Our Twitter handle is @TheIWSG and hashtag is #IWSG.
The awesome co-hosts for the April 5 posting of the IWSG are Jemima Pett, Nancy Gideon,
Every month, we announce a question that members can answer in their IWSG post. These questions may prompt you to share advice, insight, a personal experience or story. Include your answer to the question in your IWSG post or let it inspire your post if you are struggling with something to say.
Remember, the question is optional!
April 5 question – Do you remember writing your first book? What were your thoughts about a career path on writing? Where are you now and how is it working out for you? If you’re at the start of the journey, what are your goals?
I absolutely remember almost every step I took in writing that first book–Sliding on the Edge. I knew nothing about writing a book except the English language and the fact that I loved reading. I had zero career goals because I’d already had a career, and this was my time to kick back and take it easy. HA!
Little did I think I’d still be writing or that I’d have ten books published. I was astonished when I had one, and I had no plans for a second, but when I went to New York to meet my publisher, their first question was “What’s your next book about?”
My response was, “I’ll have to get back to you on that.” I remember sitting down in my hotel room that night and writing the first ideas down for The Princess of Las Pulgas. That would be book two, and I was on my way down that very slippery slope we’re told to avoid.
Where am I now? Excellent question. I’m submitting my first speculative young adult book, getting ready to submit a middle grade fantasy, and starting book two in an adult series. That slope keeps getting steeper and more slippery by the day, but as long as it’s fun, I’ll stay the course. I love sliding into new territory!
But not into areas of danger. Read on and be aware!
Thanks to Tonja Drecker who alerted me to this potential disaster for writers!
This is what she sent to me:
Scams are nothing new, and as a writer, there are certain things, which set off the alarm signal. This last week, though, I ran across one, which caught me by surprise. I’ve since learned that it’s been around for several years and hits job boards as well as the usual social media outlets. I ran across it on Twitter, and while I didn’t fall victim to it, I was shocked at how much time the scammers put into it.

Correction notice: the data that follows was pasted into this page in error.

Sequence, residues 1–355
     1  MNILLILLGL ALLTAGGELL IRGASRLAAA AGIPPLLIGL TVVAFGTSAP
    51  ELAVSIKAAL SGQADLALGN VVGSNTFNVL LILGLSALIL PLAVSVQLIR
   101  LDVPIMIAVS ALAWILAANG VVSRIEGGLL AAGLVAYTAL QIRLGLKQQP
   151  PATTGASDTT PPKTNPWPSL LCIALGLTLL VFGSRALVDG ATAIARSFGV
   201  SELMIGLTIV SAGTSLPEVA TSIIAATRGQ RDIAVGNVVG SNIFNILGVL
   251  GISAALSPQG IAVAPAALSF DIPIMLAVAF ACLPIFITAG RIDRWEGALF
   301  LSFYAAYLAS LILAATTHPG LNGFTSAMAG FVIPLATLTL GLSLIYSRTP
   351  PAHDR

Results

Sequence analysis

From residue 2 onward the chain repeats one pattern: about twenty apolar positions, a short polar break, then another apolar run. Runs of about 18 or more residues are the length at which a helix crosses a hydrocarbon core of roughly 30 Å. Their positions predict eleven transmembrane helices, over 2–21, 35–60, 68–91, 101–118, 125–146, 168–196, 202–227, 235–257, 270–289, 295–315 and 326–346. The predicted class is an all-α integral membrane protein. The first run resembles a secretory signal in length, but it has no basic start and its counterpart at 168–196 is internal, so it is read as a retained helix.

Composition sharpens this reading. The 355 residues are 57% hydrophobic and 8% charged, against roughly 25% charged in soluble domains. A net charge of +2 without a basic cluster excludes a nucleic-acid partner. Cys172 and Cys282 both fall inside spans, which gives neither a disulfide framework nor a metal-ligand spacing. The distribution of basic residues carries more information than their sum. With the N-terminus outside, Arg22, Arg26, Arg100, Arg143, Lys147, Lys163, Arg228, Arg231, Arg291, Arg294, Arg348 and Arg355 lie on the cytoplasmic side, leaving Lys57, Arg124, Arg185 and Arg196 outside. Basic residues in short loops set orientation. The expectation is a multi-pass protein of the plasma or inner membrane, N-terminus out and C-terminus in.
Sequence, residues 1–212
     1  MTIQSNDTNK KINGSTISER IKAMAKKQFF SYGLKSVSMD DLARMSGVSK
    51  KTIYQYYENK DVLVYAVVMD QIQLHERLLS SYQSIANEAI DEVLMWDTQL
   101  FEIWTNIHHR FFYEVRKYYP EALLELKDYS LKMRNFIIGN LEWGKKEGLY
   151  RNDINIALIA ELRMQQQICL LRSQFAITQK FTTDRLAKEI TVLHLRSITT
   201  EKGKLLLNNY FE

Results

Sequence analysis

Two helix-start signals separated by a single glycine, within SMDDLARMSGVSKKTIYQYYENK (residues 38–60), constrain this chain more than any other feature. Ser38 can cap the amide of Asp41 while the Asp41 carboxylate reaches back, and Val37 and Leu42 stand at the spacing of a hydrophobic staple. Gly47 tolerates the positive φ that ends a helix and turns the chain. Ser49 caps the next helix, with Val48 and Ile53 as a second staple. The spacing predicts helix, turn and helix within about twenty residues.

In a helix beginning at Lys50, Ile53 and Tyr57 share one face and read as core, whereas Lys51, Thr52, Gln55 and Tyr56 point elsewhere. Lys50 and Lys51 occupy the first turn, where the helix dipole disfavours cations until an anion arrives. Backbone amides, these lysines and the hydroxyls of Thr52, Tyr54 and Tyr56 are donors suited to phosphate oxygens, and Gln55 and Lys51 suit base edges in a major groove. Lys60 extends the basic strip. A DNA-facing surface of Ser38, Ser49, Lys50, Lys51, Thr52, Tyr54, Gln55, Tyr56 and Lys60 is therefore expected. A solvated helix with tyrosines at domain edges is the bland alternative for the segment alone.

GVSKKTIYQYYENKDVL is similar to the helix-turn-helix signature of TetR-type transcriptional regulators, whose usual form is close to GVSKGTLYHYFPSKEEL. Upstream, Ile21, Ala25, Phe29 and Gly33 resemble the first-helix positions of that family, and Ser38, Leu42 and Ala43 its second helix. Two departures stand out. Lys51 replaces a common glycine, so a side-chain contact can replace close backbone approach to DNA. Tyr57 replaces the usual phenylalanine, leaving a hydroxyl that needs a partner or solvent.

I received a DM from an account I’ve been following for several months, claiming that they needed some help with something and asked if I was willing and comfortable with writing clean kidlit stories. The account had around 3,500 followers (over 150 writers which I follow myself), did regular posts with book news and religious quotes, and didn’t seem off in any way. After a little back and forth, they claimed that they were contracted by a large company (a real company, who was not involved in the scam) to find remote writers for a project. It was a permanent position with a monthly salary of $4000. Wary but curious, I agreed to an interview on Skype, which was scheduled three days later.
The first alarm bells sounded when the gentleman, who was to interview me, insisted that it be done per chat…claiming the printed form was important to assist in the company’s decision. During the chat, the logo of the supposed contracting company was present. The interview was very normal and came with the usual questions but did get odd when it was my turn to ask for information. The gentleman’s answers were vague, and the conditions, while nothing over-the-top, sounded too good to be true. The interview lasted over 30 minutes, and at the end, he claimed I appeared to be what the company was looking for. A second interview was scheduled with the supposed hiring company’s manager for the next day.
This interview also came as a chat only. While starting out with the usual questions, the ‘you’re hired’ popped up fast. Claiming that they needed me to start as soon as possible, they requested personal information, supposedly to speed up the paperwork process. While I didn’t let it get this far, I’ve since learned that it would include everything from address, birth date, bank information, credit card, and even SSN.
Before reporting this to anyone, I did contact the real company, whose name was used by the scammers. They were extremely kind and helpful, and confirmed that the individuals did not work for them nor were they hiring writers at the time. The account has since been reported to Twitter, but that, obviously, won’t stop the scam.
The next WEP (Write It. Edit It. Publish It.) is coming!
Life is Beautiful Post April 19 to 21, 2023
WEP has a new look and a new admin! Here’s the lineup of the WEP crew, and what a great one it is.
(on leave of absence)
Don’t forget that the AtoZ is underway this month. I’ll be there for the letter M at
J. Lennie Dorner’s place.
Quote of the Month: Life is not what you expect: it is made up of the most unexpected twists and turns.
Ilaiyaraaja, an Indian musician, composer, arranger, and conductor